Cris: You’re the more dapper member of the band. You’ve got the vest, the hat…
John Thomas Griffith of clients Cowboy Mouth: I’m glad you noticed.
Cris: Is this just what you’re comfortable in?
John Thomas: You know, I've always thought fashion and rock ‘n’ roll kind of go together. I grew up listening to classic rock. Bowie and the glitter era. KISS. Stuff like that. So to me it kind of went hand in hand. It’s almost like you can’t do one without the other … in my book. Of course we entered into the age of the 90s and grunge and it was t-shirts. Then we had the Hootie era where you looked like a college guy. And I get it. But I like style.
Often times developing social media content is creating order out of disorder. It is conveying or encapsulating emotions, thoughts, ideas into something not only coherent, but bite-sized. And mining those nuggets that make for good content can be messy, time-consuming work. Some people get disillusioned when the 10 minutes they spent stamping out cookie-cutter memes didn't yield much interest or engagement. Sorry. Good content takes more effort. - Cris
"The blues material from Robert Johnson's day, the prewar blues, was so fascinating to me because of the fact that it is pop music but there are no choruses. It's a different way of having repetition and themes and a different goal for a pop song. The music is shared by everybody because it's passed down through tradition. The whole spirit of what one is going for is radically different than pop and that really became exciting for me because I could see a new way to reach people." - Todd Park Mohr of Big Head Todd and the Monsters
A different perspective. Sometimes good social media content offers a new perspective. You are not necessarily showing people something they have never seen. But you are showing them something from a vantage point they have never had.
I took this picture of client Rich Redmond while he went through sound check. Why climb up on the catwalk? Well, for one thing, it's fun to go up there. But more importantly it was a chance to get some photos and videos from a different vantage point. A lot of people have watched drummers during a concert. A small percentage of those people have watched a sound check in an arena. And an even smaller percentage have watched a sound check in an arena from the upper catwalk of the stage.
Giving people a view they might otherwise never get to see... that kind of content has value. - Cris
I've never been a fan of the tactic where people post a photo of themselves in front of a crowd and then say, “Tag yourself!” You see it done by musicians at concerts and business people at conferences. Basically these people are saying, “We know our content is not interesting enough that you will share it of your own accord, so we are hoping to trick you into spamming your connections.” - Cris
I am excited because today I am going to attend a client's sound check, that time before a concert where they make sure that the mics are working, set the sound levels, etc. I love going to sound checks. To me it is fascinating to see everything being prepared, especially since this is a big concert that will take place in an arena. And there are other benefits, besides it being my idea of a spectator sport.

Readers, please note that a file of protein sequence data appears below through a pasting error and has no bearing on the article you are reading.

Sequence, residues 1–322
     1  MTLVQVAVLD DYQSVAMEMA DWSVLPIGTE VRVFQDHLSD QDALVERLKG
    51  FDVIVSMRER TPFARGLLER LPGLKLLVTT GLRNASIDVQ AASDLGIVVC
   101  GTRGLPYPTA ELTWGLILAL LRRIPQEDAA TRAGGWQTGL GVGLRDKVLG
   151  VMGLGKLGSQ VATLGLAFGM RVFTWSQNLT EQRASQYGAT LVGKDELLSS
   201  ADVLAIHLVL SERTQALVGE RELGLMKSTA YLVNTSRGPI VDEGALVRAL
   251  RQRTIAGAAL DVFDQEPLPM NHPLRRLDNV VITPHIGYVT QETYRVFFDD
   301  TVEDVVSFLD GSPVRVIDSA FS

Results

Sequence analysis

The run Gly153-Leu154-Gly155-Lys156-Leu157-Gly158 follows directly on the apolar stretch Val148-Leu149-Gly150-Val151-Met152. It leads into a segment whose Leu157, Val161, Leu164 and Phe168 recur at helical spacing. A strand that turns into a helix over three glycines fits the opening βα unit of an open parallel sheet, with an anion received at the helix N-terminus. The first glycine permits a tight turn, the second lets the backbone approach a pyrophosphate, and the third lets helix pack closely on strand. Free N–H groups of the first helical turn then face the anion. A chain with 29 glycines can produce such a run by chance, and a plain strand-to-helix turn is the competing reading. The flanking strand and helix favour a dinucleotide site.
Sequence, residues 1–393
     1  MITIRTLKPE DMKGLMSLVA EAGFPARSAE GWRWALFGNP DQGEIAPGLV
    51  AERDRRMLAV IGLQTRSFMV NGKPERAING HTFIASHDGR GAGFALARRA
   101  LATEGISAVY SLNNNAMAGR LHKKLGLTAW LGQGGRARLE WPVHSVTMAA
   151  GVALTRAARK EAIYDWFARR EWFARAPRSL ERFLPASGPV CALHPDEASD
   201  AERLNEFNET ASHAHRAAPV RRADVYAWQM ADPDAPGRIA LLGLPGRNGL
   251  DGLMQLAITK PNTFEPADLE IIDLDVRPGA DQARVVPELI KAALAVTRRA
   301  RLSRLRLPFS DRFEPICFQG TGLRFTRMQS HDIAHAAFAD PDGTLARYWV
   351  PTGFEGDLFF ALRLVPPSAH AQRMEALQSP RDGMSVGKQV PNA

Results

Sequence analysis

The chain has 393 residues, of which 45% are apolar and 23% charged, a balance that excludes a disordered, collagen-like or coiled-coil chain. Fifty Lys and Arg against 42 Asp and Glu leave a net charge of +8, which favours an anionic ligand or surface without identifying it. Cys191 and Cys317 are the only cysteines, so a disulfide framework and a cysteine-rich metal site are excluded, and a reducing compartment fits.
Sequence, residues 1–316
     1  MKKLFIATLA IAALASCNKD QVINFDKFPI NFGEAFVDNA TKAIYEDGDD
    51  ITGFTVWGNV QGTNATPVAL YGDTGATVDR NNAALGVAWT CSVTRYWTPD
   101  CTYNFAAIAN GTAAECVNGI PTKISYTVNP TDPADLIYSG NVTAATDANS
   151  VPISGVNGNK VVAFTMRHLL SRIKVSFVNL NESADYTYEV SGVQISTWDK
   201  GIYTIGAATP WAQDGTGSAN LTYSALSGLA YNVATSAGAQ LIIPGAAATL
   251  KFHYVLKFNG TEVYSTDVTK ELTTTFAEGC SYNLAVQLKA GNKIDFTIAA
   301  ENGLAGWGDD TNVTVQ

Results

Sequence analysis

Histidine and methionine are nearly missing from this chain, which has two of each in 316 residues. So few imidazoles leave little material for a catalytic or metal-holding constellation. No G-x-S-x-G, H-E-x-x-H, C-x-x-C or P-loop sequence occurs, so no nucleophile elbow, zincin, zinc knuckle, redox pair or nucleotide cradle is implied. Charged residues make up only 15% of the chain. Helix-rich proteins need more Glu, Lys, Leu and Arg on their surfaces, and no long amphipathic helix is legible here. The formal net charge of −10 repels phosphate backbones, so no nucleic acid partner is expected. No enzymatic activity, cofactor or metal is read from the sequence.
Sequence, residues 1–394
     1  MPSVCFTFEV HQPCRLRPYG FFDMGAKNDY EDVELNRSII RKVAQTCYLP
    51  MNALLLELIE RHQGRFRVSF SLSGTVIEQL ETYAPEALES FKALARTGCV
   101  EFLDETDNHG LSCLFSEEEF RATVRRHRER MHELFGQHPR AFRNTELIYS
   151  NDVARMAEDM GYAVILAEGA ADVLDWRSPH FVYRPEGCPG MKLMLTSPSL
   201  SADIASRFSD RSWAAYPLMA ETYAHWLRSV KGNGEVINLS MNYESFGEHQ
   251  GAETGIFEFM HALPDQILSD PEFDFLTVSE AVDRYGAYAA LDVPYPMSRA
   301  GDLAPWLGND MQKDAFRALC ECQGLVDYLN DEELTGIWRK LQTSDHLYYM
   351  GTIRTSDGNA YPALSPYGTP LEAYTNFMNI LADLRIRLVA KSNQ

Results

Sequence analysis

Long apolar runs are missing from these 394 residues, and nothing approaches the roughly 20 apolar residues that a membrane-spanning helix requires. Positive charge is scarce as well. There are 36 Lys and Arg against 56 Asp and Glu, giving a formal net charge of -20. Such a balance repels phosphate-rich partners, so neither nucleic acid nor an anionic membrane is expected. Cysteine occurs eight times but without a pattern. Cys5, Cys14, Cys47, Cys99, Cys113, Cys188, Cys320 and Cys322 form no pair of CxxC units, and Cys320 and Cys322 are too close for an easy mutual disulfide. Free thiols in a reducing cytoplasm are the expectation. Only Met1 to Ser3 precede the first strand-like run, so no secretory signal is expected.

For one thing, it is a nice reminder that it takes a lot of work to make something look effortless. Bono once said of U2's concerts that they were trying to create intimacy on a grand scale. And with well-run shows, it seems that way. Somehow you feel a direct connection with the artists. You get lost in the moment and think that the concert just involves the few people on stage. But sound check is done with the amphitheater in full sunlight or in the arena with all of the lights on and the curtains pulled back. You see the buses, the trucks, and the large numbers of people who are needed to pull off the illusion of intimacy later.
The other benefit, from a social media perspective, is that sound checks are a treasure trove of content in the rough. You can get great, up-close photos and video of the instruments and the musicians. And while great photographers can capture amazing moments during the show, you get video and photos of a different flavor at sound check. Sometimes the musicians are more relaxed, quicker to smile. Sometimes they are more contemplative, focused on tuning, gear placement, etc. It is an interesting peek into who they are and how they prepare.
Sure, nothing beats the actual show. That time is magic. But for music geeks like myself, there is something special about watching a sound check. - Cris
Cris: How have you changed as a singer over the years?
Kim Wilson of the Fabulous Thunderbirds (client): I’ve changed as a singer in a lot of ways. I mean, basically I’ve just gotten better. Singing is a lifelong skill that you have to be a journeyman at for a long time. Some people have natural talent. I had a little bit of natural talent at it, but the people who I wanted to sing like were all the greatest singers ever. So, it’s still a work in progress.
Interview excerpts plus bonus materials delivered to your email every Friday (usually)
Anyone can publish a post. We can tell your story.
See the full list of Bands To Fans interviews